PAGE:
Dahu boots are a game changer.

 

Isn’t it remarkable how electric vehicles are taking over the automotive industry? By 2035, virtually all General Motors vehicles will be battery powered. Our grandkids will look back and tell their kids about a time when combustion engines ruled.

I think a similar new frontier is being established with the Dahu ski boot. The company has parted ways with traditional boot makers and come up with materials and design that make it as different from the others as Tesla is to Dodge.

It’s a game changer.

Dahu boots were conceived and developed to be fitted more easily, minimize ski boot discomfort, and maximize performance.

The shell has a dozen strategically located holes that eliminate foot hotspots most skiers – especially older skiers – experience. Think about this feature: it gets rid of the need for bootfitters to manipulate the plastic to relieve pressure points. The car equivalent? No more engine tune-ups!

Made of a Swiss polyamide composite, the shell combines lightness and durability and consistent flex, regardless of temperature. It has a hinged tongue with two micro-adjustable buckles and a hinged, releasable rear with a patented aluminum spine which helps transfer body energy to the ski. Interestingly, the spine contributes to each skier’s ideal stance.

A comfy, insulated leather inner boot has a grooved rubber sole which provides traction when the inner is worn separately from the shell. Those grooves interlock with ridges and grooves in the shell, the net erect being greater torsional stiffness and more efficient energy transfer from body to ski.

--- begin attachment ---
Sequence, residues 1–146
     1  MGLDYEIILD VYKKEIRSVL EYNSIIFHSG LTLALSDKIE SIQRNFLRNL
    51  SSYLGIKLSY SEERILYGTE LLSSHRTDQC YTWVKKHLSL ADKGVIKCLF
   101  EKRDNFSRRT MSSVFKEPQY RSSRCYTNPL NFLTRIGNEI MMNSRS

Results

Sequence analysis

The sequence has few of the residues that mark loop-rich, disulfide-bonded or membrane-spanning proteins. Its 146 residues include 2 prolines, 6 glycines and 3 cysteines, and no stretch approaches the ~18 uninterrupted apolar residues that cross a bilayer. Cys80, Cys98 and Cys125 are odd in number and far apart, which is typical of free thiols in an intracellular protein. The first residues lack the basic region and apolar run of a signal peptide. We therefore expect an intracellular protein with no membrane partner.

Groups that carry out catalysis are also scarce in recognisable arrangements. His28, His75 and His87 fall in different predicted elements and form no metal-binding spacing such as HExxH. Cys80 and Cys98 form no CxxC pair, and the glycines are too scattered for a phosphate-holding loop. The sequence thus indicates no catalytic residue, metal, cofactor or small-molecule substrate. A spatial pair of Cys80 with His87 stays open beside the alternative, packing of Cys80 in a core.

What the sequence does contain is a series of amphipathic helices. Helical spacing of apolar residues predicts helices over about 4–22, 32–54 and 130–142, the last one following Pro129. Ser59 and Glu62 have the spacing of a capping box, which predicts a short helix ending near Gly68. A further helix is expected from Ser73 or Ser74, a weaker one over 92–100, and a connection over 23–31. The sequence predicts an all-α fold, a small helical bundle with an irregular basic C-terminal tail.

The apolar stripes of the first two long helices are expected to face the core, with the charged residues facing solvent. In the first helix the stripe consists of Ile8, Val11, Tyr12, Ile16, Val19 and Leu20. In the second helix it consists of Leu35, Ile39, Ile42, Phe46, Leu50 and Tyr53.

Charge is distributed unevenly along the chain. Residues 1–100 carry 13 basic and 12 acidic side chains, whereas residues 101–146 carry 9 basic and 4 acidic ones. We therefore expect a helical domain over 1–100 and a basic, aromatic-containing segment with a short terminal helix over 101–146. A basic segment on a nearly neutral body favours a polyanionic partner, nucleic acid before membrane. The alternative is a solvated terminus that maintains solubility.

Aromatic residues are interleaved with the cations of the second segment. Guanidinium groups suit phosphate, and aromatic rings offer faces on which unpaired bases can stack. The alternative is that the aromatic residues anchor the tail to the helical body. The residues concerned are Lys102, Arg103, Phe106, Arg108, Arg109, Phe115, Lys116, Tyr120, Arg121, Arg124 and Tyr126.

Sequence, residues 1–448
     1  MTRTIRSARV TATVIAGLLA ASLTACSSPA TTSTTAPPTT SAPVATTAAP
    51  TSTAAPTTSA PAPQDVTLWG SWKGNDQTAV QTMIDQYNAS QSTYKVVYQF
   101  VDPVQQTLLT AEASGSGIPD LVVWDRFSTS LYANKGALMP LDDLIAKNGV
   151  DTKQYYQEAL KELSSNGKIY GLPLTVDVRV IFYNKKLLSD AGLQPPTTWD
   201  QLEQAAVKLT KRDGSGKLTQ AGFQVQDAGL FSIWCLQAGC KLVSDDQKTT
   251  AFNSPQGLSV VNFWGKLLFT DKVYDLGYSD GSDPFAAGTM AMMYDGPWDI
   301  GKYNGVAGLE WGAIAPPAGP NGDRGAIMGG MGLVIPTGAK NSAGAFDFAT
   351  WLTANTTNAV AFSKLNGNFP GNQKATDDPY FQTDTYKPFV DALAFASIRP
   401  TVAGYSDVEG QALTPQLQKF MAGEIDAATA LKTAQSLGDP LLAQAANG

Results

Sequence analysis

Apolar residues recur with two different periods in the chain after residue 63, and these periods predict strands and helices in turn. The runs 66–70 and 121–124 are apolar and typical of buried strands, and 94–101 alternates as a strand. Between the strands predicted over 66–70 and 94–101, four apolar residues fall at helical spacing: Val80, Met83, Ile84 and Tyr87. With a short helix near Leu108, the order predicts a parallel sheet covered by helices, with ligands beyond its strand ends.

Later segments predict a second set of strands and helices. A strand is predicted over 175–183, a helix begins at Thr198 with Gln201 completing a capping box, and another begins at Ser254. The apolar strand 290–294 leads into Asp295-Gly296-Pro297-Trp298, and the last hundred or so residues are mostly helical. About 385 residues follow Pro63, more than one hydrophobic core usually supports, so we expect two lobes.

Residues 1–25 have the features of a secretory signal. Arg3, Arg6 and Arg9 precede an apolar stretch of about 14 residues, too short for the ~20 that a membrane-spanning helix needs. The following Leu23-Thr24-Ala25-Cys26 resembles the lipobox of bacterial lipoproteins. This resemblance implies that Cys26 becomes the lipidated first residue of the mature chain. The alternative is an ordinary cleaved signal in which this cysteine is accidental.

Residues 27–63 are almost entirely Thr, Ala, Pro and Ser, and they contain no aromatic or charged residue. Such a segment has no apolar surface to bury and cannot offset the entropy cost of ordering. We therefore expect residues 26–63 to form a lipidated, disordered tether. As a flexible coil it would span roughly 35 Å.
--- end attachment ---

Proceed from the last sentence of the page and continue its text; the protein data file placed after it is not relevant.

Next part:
I understand this is a lot to absorb. But I know that many of you have had it with your conventional boots. Our August reader survey asked, among other things, what items you intended to purchase in the next two years. Of the 3000+ responses, about one-third indicated ski boots. And from comments made during past reader surveys, sent to the site and to me personally, I know that finding a better boot is top-of-mind for many older skiers.

If you’ve had it with conventionally designed boots and are looking for a pair that can be fit more easily (including using one-on-one zoom sessions), will keep your feet warm and comfortable and, most importantly, perform for any level of skiing, click on the Dahu advertisement on the right side of the page.

 

12 Comments

  1. Charles Hilborn says:

    Looks like a Swiss imitation of the Apex boot that I have been enjoying the last 4 years.

  2. Thomas E Seybold says:

    What makes this boot better than my Apex?? I’m pretty happy with the Apex and hope to ski them again this year, as I enter eighty…..

  3. Why would you want a leather boot exposed to the elements, back to the 50’s?! External supported boots have always been failures polyamide = NYLON. tHIS LOOKS LIKE AN ADVERTISEMENT TO ME.

  4. Bernie Krasnoff says:

    Agree with Charles, looks like Apex concept. Last winter I demoed the Apex for a day, did not like them at all. Major dislike was after each run here at Killington, I had to re-tighten the double stack Boa system. What a nuisance! Went back to my favorite ski shop and after trying on all the brands they carried – about 7 – bought a pair of Salomon S/PRO 120.